Presentations: In exchange for an easier-than-otherwise second exam (i.e. final), I plan to have each student give a presentation near the end of the term. Each student can choose any topic I approve so long as it does not heavily overlap with another student's already approved topic. I plan to make a list of suggested topics when the time for such things is nigh. Also please do not refrain, one can always ask me directly for a topic recommendation. When the time comes, I will accomodate anything from 1-3 presentations (i.e. guest lectures) per class period. You will be responsible for entertaining both your classmates and me. Expectations on this project are necessarily a bit vague. When the preliminary planning of the presentation is underway, one should come speak with me about expectations. I can help specify requirements and standards as the plan for your presentation becomes more clear. There is, however, a simple gauge for the quality of your work. Give a presentation that you're proud of. There is a good chance it will receive a high mark.

Exam I Exam II Presentation
(tentatively) Feb 3rd - Feb 12th TBD TBD

The Honor Principle

On Exams: Use of Hrbacek and Jech and one's personal class notes is allowed. Consulting the instructor for help is also, of course, allowed. Peer-to-peer collaboration is not allowed. All other sources (such as Google, other textbooks etc.) will not be allowed unless explicitly specified at the time of the administration of the exam.

On Homework: Along with the resources explicitly allowed on exams, peer-to-peer collaboration is encouraged on homework! I only ask that you note your conspirators in the heading of your assignment submission. In any case, appropriate collaboration will never hurt your grade. The final execution of the argument/proof (the "write-up") must be singularly yours.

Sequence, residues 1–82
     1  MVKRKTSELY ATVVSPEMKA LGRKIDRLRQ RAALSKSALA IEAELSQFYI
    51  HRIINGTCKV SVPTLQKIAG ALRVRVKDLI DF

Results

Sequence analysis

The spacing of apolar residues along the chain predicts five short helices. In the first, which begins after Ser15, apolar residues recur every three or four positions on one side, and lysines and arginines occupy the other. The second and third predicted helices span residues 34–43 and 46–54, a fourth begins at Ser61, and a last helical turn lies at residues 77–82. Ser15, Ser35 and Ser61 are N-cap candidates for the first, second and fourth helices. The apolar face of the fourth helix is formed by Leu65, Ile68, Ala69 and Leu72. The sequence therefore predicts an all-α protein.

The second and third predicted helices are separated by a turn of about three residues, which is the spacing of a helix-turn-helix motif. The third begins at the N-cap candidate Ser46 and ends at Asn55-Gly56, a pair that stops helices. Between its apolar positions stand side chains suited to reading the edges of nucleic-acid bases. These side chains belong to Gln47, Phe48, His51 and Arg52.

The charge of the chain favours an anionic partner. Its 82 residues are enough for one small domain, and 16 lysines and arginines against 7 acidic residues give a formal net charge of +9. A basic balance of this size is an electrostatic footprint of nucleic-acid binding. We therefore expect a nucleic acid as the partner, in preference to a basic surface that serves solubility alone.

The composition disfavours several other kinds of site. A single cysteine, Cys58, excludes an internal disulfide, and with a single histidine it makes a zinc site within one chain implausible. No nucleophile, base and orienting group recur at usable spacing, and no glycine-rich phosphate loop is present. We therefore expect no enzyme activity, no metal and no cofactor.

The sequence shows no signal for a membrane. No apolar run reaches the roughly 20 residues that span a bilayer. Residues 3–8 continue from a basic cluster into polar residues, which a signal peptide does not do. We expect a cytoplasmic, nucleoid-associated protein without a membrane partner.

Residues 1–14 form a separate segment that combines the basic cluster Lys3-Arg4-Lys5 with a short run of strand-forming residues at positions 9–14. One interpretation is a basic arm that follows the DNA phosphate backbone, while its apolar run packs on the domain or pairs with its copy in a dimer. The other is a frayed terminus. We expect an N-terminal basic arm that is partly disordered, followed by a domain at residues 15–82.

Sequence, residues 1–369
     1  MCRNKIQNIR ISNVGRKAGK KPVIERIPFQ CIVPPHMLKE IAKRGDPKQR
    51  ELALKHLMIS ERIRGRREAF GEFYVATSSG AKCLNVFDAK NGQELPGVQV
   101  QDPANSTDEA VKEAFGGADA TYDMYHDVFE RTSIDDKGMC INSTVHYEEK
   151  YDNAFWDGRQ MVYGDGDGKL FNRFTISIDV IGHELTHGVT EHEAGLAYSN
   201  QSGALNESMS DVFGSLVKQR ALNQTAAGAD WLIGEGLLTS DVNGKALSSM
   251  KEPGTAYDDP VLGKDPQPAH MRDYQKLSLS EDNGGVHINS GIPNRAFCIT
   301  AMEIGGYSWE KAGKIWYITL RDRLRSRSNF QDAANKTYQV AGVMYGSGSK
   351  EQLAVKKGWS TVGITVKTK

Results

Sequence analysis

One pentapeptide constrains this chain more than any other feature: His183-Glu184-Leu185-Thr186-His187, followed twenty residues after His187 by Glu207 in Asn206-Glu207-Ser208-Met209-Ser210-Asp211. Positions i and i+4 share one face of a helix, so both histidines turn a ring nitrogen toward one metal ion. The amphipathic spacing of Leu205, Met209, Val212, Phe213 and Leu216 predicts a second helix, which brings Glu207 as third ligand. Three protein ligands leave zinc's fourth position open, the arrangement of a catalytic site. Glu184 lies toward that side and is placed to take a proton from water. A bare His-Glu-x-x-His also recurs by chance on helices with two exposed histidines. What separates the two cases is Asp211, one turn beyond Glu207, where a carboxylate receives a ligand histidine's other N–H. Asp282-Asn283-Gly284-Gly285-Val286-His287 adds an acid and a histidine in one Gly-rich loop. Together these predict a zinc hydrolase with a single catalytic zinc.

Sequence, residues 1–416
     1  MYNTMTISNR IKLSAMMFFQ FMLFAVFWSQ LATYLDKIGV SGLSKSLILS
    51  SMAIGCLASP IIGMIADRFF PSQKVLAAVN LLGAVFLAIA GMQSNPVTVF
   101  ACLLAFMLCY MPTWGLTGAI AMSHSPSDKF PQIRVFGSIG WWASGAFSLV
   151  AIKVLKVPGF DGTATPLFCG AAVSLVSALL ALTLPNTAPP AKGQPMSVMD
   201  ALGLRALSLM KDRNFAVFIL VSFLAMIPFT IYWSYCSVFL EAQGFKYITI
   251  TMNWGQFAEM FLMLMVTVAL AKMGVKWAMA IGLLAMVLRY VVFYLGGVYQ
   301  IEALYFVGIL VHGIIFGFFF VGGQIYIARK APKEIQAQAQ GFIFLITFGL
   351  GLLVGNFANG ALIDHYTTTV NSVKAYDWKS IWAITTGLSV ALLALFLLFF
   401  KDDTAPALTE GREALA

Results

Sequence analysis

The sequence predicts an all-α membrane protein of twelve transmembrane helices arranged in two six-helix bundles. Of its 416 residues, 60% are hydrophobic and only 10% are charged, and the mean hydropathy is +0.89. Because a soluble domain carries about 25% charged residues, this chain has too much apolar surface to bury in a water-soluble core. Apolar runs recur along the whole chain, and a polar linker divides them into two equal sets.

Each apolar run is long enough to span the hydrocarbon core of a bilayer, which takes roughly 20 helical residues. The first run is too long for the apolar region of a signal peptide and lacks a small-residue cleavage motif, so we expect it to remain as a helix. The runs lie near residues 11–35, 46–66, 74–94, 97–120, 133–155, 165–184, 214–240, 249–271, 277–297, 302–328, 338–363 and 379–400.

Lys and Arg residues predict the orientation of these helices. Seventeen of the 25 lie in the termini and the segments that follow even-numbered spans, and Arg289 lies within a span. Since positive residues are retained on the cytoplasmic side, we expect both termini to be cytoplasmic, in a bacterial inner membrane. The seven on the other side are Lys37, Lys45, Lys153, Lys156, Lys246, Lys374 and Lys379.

Late Policy: Homework sets are due on Wednesday of each week. For each class day that the submission is delayed, there will be a 20% deduction in the total credit available for accrual on said submission. Additionally, as soon as solutions to an assignment are made public there will be, unfortunately, no way to justify any credit for submission of that assignment. I intend to make homework solutions available by late evening on the Friday of the week after the assignment was set to be due. These policies are merely to encourage the expedition of the homework feedback process rather than to be a vehicle for the propogation of draconian/archaic deadline policies.
Hint: Turn in -what you have done- on the hw due date. These questions will be graded for full credit. Any lingering questions that you are stuck on can be turned in later for partial credit.

Excused Late Assignments: Late submissions of assignments will only be excused due to significant illness or emergency situations of equitable magnitude.

There should be about 7 week-to-week homework assignments throughout the term. Doing the arithmetic on the chart directly below shows that an exam is worth about three-fold that of a weekly homework assignment.

The "participation" component seen below is rather flexible. Any indication of consistent engagement and contribution to the communal aspect of the course will be taken as fulfilling this criterion.

Component Points
Homework 200
Exam I 100
Exam II 100
Presentation 50
Participation 50
Total 500

Last modified 1 Jan 2016.